By Joe Montero
One of Australia’s biggest unions. The Construction Forestry Mining Maritime and Energy Union (CFMMEU) is launching a push for a major rise in government investment on affordable housing. The union’s national secretary Zach smith says this is necessary to take on the housing crisis that so many are facing in his country.
The union had commissioned Oxford Economics to analyse of the impact of a super profits tax on the biggest corporations to fund the construction of new affordable homes. The resulting proposal is a “permanent 40 percent tax on super profits for companies with a turnover of over $100 million a year. This would apply to only 0.3 percent of companies and would raise around $29 billion a year and go a long way towards meeting the need for 750,000 new dwellings.
Proposing a super profits tax might seem like quite a radical move. It isn’t. It’s the least of what is needed for Australia to meet its obligation as a signatory to the 1966 International Covenant on Economic, Social and Cultural Rights, which codified and mandated housing as essential to human right.
Even if this convention didn’t exist, adequate housing for all would be taken up by a society that values the principle that dignity and a standard of living in line with community expectations should be available to all.
Australia has a responsibility to ensure this becomes a reality.
Advocates of social housing have long been pushing for far more action to meet the need. Programs to date, including the current Housing Australia Future Fund policy of the Albanese government, have been far too little to make a noticeable difference.
Zack smith and his union agree and call for “bold solutions.” “Our economy is meant to serve our society. But it is failing on a fundamental level,” he said in an advance copy of a speech to be delivered at the National Press Club.
He added that “millions of Australians are worried about their capacity to afford the most basic of human needs.”
The union will launch an advertising blitz around the country to get the message to the public and intends to present a motional to be voted on at the Labor Party’s August national conference in Brisbane on 17-19 August..
Prime minister Anthony Albanese, who has stood firm against pressure from the Greens to lift his government’s commitment to social housing, now faces pressure from another front.
Condemnation from the corporate world and its political allies will be quick and vicious. They will defend what they consider their own interests. Expect the usual claim of an attack on business and to warn that the economy and Australia are at stake.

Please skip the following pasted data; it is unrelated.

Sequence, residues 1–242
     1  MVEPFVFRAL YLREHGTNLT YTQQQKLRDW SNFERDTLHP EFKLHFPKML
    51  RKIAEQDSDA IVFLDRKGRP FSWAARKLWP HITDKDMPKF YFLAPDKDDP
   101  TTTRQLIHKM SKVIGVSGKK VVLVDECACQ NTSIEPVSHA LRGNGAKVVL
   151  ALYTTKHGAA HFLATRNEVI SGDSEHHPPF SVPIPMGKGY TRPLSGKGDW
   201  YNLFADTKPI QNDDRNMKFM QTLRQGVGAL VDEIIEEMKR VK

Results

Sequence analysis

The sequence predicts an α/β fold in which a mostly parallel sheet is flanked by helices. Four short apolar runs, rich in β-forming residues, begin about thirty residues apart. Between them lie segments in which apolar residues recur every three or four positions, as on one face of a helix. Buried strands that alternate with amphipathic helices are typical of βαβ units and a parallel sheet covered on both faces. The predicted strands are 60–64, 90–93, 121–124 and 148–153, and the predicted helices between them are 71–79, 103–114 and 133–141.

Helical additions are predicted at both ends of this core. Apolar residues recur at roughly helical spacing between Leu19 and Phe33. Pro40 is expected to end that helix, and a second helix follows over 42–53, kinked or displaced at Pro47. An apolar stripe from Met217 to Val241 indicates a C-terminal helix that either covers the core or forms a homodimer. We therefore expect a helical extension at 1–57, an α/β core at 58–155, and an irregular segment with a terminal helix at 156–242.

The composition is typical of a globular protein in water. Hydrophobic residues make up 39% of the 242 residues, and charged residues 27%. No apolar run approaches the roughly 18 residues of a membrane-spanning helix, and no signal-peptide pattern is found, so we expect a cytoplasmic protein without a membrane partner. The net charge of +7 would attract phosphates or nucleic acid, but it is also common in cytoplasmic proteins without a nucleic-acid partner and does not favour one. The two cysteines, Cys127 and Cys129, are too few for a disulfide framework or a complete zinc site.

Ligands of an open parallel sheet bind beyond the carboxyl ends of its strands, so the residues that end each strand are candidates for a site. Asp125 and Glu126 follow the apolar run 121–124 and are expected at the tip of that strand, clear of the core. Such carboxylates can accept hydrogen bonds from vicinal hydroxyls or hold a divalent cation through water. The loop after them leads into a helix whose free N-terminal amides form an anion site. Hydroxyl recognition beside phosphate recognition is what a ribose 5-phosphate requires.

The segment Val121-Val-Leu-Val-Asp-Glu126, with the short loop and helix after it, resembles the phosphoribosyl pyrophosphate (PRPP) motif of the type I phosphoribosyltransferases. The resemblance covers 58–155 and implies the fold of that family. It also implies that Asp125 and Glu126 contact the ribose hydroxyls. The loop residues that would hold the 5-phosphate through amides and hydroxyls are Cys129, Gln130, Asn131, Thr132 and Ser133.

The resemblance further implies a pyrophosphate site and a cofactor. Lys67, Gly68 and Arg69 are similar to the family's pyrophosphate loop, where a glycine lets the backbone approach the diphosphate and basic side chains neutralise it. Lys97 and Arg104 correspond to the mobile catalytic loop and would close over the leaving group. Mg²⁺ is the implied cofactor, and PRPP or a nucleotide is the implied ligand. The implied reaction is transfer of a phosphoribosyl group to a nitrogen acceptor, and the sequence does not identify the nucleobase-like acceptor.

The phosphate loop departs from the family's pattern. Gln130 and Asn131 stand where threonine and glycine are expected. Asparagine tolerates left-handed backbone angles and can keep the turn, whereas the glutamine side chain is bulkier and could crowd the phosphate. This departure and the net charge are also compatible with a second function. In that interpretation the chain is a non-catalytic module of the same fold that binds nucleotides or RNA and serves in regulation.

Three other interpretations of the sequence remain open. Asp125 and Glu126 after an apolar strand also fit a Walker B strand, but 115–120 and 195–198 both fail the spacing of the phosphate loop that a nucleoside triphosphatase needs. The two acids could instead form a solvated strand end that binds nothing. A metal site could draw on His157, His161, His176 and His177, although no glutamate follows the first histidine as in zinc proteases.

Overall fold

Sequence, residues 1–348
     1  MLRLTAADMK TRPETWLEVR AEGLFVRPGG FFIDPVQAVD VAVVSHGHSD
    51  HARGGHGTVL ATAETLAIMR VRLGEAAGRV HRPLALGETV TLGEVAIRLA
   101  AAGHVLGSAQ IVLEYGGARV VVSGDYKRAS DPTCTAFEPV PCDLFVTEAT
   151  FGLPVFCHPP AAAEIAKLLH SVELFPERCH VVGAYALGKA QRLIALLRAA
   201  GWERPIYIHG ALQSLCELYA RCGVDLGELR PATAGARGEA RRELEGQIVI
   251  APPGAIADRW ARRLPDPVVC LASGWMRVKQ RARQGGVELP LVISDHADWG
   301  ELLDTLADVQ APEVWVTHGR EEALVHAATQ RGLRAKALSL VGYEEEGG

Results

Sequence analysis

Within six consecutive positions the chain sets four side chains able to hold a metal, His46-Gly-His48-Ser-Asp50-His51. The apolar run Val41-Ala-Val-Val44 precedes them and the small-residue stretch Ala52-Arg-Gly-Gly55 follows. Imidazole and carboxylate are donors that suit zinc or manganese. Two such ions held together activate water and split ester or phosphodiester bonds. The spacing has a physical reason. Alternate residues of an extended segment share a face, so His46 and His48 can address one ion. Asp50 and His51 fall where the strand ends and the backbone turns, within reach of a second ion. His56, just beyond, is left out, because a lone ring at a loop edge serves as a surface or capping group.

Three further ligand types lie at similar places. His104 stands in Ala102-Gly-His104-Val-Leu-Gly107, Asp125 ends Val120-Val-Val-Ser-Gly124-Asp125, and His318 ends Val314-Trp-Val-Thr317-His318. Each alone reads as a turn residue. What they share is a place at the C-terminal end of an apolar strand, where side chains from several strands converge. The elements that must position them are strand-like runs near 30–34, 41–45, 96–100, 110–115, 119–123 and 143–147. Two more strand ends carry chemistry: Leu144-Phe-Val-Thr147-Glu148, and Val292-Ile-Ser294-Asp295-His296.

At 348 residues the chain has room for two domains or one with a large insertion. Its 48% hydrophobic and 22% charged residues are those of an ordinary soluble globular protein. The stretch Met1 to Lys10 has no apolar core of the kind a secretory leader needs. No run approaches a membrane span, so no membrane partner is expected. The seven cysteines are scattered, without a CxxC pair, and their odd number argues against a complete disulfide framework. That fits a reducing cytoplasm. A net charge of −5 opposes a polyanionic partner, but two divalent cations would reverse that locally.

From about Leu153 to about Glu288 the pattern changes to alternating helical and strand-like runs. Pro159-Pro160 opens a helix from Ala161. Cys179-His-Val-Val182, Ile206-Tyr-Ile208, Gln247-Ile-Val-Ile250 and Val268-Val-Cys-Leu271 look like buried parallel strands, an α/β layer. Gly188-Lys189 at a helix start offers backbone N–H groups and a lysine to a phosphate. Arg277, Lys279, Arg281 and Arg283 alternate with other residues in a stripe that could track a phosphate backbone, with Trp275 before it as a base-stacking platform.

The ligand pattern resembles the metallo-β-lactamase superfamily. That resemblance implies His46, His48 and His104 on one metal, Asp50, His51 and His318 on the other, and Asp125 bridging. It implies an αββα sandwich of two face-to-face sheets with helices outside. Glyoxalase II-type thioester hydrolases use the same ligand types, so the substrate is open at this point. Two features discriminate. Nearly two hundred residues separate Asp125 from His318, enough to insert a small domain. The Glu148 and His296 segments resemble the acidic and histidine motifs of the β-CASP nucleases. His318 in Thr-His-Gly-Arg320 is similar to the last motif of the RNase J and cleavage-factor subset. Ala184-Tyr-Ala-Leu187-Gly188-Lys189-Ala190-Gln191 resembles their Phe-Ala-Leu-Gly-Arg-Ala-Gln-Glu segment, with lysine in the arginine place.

The reality is that only a few businesses will be affected, and they will still enjoy healthy enough profit margins to continue investing.
Support for the CFMMEU initiative should be a non brainer, and the super profits tax could be boosted with other initiatives, aimed at releasing already existing housing stock, and deflating the property price bubble. Advocates of change have long been arguing for the downscaling of negative gearing and Capital Gains Tax provisions and imposing a tax on properties deliberately kept untenanted. These measures would add substantially to the available housing stock.
State and federal government must stop gutting the public housing stock and rebuild it as an important part of the solution. Public housing meets specific needs and should not be sacrificed to the broader category of social housing. Doing this has already resulted in the failure to meet the needs of those for who this is the best form of housing.
Support for a rent rise ceiling has been rising, and this will have a damping effect on rising home prices.
These further measures are important because the affordable housing crisis is not fundamentally a problem of shortage of supply. It is a problem of not been accessible at the price of either buying or renting. The problem is a housing market failure. This must change.
For this reason, the proposal for much more housing construction must be tied to direct government provision and avoid further feeding of the failed market. On the contrary, it must be used to counter the market and force down property prices and rents. This is the bullet that a government wanting to seriously take on the housing affordability crisis must bight.